Good plans can't beat communication
After hunting together as a group, our intrepid deer hunters generally know what the other members of the team are doing and perhaps even thinking. We do not waste a lot of time planning the individual hunts or even the weekend. None of the guys ...
After hunting together as a group, our intrepid deer hunters generally know what the other members of the team are doing and perhaps even thinking.
We do not waste a lot of time planning the individual hunts or even the weekend. None of the guys are really detail oriented people.
Before deer season, my wife asked when Dick and Mary were going be at our place. Friday was as close as I could come to exact time. I had talked to Dick a couple of months ago and asked if he would make it for deer season. "Yes" was as far as we got into details. We do not spend a lot of time on the phone planning the next move.
It is much the same with Doran. He and I do not spend a lot of time chatting on the phone, either. When it is deer season, we show up. When it is a good day to go fishing, he comes to the farm. We do not require a lot of detailed planning.
On a drive, we place our blockers where the deer are supposed to exit and the drivers go into the timber at pre-determined intervals. When the drivers meet up with the blockers, we find any lost hunters, field dress deer, and spend a lot of time discussing the good shots, misses, and telling lies about the ones that got away. The person nearest a truck is expected to get it, pick up the other blockers, and helps load the deer that are ready to be packed back to camp. We have done this together for enough years; we know the routine (usually).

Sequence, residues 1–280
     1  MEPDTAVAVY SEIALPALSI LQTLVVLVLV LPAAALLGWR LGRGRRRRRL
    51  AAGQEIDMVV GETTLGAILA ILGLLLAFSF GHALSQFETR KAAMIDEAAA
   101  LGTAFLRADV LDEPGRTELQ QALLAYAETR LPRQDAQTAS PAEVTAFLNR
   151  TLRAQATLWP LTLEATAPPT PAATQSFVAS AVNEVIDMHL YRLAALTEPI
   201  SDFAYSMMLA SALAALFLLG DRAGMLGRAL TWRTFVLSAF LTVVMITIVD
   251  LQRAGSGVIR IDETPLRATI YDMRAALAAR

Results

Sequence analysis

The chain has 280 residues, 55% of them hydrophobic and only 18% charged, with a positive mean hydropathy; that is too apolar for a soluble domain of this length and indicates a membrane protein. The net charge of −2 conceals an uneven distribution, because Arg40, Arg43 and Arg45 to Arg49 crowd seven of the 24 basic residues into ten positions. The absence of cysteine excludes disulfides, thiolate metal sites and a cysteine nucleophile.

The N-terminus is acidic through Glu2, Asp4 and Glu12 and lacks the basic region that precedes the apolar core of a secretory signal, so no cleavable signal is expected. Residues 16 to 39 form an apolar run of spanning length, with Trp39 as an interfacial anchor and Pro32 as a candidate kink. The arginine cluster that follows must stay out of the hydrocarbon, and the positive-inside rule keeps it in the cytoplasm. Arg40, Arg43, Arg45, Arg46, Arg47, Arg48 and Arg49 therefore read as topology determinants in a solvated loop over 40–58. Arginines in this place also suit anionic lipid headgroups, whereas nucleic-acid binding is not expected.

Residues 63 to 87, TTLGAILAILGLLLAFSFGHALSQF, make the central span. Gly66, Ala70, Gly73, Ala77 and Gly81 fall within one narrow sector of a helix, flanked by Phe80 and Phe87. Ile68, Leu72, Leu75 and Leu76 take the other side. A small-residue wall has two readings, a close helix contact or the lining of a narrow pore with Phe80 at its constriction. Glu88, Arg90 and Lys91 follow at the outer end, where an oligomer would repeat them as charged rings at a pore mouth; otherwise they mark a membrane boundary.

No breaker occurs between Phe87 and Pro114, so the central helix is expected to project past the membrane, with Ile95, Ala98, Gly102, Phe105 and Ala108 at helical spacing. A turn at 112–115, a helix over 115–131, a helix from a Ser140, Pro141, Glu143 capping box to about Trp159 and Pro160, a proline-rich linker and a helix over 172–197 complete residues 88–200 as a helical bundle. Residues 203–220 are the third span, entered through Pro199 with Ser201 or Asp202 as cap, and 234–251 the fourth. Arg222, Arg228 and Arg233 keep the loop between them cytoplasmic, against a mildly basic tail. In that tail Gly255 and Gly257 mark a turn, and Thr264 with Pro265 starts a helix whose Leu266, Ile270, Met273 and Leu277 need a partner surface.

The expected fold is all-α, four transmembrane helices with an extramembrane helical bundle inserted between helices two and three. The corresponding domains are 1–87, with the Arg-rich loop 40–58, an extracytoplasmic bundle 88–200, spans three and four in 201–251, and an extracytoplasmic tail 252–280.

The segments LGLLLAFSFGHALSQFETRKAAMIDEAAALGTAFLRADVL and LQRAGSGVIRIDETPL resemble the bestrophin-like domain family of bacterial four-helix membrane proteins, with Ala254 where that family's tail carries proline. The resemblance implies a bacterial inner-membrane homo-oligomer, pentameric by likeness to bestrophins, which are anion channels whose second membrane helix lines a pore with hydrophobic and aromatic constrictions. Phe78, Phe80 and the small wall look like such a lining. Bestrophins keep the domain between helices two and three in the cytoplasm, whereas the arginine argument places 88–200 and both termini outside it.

At the end of one drive, I jumped in the nearest truck and drove over to Doran, who had been blocking next to me. Tom, one of our drivers came out of the timber and I could see a couple others, so I headed over the next hill to pick up Dick, our third blocker. Doran, who was as cold as was I, for some reason, must have thought I was going to the cabin, leaving everyone standing in the middle of the pasture to freeze to death.
As I drove over the hill he grabbed his cell phone and punched my number up on speed dial. A voice answered and Doran said, "A person could get shot by doing that."
The person on the other end, rather startled said, "Doing what?"
Doran did not recognize my voice, but cell phone reception is not the greatest out there. "You know we have loaded guns," Doran answered.
The guy on the phone seemed to be getting nervous. "What are you talking about?" he asked.
"You can not drive off and leave cold people standing in the middle of nowhere. Where are you?" Doran asked.
The guy on the phone was by now totally confused and I am sure wondering what kind of wacko was stalking him. He finally said, "I am just south of Lancaster. Who is this?"
Doran, beginning to see the error of his ways stated, "This is not Walter, is it?"
When I got back from picking up Dick, Doran was still on the phone talking to some guy from Lancaster, Mo., who was unfortunate enough to get the cell phone number I had a couple of years ago. I am not sure he was successful in convincing the guy we were not going to come do him major bodily harm, but he did his best.
If the unfortunate soul who was so needlessly threatened is reading this, I would like to apologize for both Doran and myself. I did give Doran my new cell phone number in case he might need to communicate with me in the next couple of years.
Walter Scott is an outdoors enthusiast and freelance writer from Bloomfield, Iowa.